Humans spend their lives delineating themselves and the world around them, forging identities and religions and nations, constructing imaginary borders, building and tearing down walls—where do you end and I begin?—as though the world were nothing more than a set of neatly-labeled pigeonholes for us to slot ourselves into.
The world is a frightening place. Smaller now, and perhaps all the more frightening for it. The internet, social media, ease of travel, they’ve all made it so that it feels as though we are occupying a tighter and tighter area on this little rock hurtling through space. Yes, it’s great that I can find some obscure artist in Brazil at the click of a few keys, and I can stream a Beck concert as it’s happening, and I can follow my favorite writers and see what they’re thinking every day. But it also sometimes feels as though we’re trapped in this tiny room with screens on every wall screaming the world’s tragedies at us all the time. We become desensitized to it, feel powerless against it, scroll past it to the next story.
I channel it into fiction. Frustrated by the limitations and hypocrisies of my society, I attempted to work through them in The Pact We Made. Heartbroken by the war in Syria, disgusted by the rise of Islamophobic/xenophobic rhetoric, and horrified by the refugee crisis, these elements form the central axis around which the second book I wrote pivots. In fiction I can find some resolution to seemingly insurmountable problems. I can address issues no longer (or never) spoken of.
It’s the purview of fiction, to hold a mirror up to society, to the world, showing its failures and realities. It provides the means to view all the fragmented intricacies of life from a multitude of angles. It creates in the mind the capacity to hold opposing thoughts while retaining, as Fitzgerald said, the ability to function. It is, in short, a conduit of, and for, empathy.
I came to Charleston looking for an eradication.
Home and haunt of key members of the Bloomsbury set, Duncan Grant, Clive and Vanessa Bell (sister of Virginia Woolf) settled here to escape society and the war. I came for an escape of my own, to walk their gardens, breathe their air, and see the world through their windows. This is where they lived and loved and wrote and painted and threw themselves into as many shapes as they could conceive of—all of it done without malice, without judgment, without fear.
What I found was a place distinctly unbordered, a place with no lines in the sand, a place unstuck in time and space—where Orlando, ninety-years-old now, still gamboled across the downs like some Shakespearean sprite, where Zanele Muholi’s series of Faces and Phases of black LGBTQIA+ lives in South Africa could sit comfortably beside Bell and Grant’s 1932 collection of dinner plates depicting notable women, from the Queen of Sheba to Emily Brontë. Here, Sylvia Plath could, for one night, return from the dead to let a hushed audience in on an unhappy marriage. It is a place for writers, artists, poets, and great minds to sit around a kitchen table discussing narrative and publishing and censorship and the frustrations of academia, and where I, a Kuwaiti author, could trudge across yellowed fields (with only a map to guide me) to a tiny village where the largest concern revolves around a newly-installed and deeply unpopular traffic light.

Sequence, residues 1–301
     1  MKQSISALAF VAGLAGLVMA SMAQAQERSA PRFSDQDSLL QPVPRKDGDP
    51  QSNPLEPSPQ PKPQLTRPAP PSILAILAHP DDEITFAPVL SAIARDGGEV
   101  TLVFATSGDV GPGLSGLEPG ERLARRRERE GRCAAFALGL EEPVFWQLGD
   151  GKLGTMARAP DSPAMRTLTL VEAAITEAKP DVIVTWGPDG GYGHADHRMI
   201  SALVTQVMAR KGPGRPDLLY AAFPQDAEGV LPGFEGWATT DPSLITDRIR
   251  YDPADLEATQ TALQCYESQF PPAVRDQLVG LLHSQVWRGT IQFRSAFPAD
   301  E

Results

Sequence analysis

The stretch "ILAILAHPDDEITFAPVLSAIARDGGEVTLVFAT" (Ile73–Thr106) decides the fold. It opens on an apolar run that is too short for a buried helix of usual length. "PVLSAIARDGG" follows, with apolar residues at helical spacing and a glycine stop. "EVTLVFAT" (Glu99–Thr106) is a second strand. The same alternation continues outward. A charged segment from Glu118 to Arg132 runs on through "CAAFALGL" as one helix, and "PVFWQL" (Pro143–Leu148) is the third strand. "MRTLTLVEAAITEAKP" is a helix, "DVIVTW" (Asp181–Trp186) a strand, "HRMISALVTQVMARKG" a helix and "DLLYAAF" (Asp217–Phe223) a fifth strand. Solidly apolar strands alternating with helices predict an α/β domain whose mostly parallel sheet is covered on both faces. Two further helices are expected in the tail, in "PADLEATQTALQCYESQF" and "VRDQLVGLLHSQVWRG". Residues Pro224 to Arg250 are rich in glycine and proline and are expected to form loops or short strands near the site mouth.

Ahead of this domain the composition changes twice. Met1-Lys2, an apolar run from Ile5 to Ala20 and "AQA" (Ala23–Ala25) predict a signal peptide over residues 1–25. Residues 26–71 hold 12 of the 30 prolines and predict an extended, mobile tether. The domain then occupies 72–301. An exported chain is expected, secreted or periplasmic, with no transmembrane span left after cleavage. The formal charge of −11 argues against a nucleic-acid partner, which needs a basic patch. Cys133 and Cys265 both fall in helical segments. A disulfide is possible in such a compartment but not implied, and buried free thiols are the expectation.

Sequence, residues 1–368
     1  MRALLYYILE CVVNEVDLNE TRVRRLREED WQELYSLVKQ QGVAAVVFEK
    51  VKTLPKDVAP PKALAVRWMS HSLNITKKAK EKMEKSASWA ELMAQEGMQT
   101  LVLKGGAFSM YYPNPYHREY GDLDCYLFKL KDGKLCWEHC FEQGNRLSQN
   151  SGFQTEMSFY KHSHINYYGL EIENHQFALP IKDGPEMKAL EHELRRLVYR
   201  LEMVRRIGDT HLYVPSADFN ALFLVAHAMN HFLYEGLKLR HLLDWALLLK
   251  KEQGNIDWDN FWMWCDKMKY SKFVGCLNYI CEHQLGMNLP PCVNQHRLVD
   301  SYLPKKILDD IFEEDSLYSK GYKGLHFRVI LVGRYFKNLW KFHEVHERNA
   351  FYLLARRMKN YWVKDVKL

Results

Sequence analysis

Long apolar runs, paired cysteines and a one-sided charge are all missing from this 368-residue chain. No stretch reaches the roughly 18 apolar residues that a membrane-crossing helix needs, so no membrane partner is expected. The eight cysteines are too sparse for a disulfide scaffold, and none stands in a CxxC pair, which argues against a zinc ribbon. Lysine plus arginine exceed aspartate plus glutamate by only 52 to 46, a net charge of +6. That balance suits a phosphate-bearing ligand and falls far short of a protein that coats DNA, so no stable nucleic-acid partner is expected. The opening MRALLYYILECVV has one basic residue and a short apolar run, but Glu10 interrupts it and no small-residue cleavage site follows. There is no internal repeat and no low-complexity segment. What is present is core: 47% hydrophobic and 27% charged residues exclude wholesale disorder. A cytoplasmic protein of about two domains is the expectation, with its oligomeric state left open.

It’s a place of magic, whose ethos I wish I could bottle and export.
In lieu of that we could construct little Charlestons of the mind. Little rooms of our own where we approach the world through lenses of plurality, tolerance, and humanity. In Kuwait, already, there are pockets of Charleston, private spaces where there is freedom to be and think. But I’m reminded always that it’s not enough. It’s not enough until the 4,500-plus books that have been banned in Kuwait in the last five years are unbanned. It’s not enough until everyone, regardless of gender or sexuality or religious affiliation, enjoys civil liberties. It’s not enough until we can say what we want without the prickle of fear that maybe we’ve crossed a line we never knew existed. We have a moral obligation to fight suppression, to resist assaults on our intellectual freedom, to live and breathe our principles so as not to be dragged into battles that have already been fought.
I carry Charleston with me. It’s a part of me now—a dream, a comfort, an answer.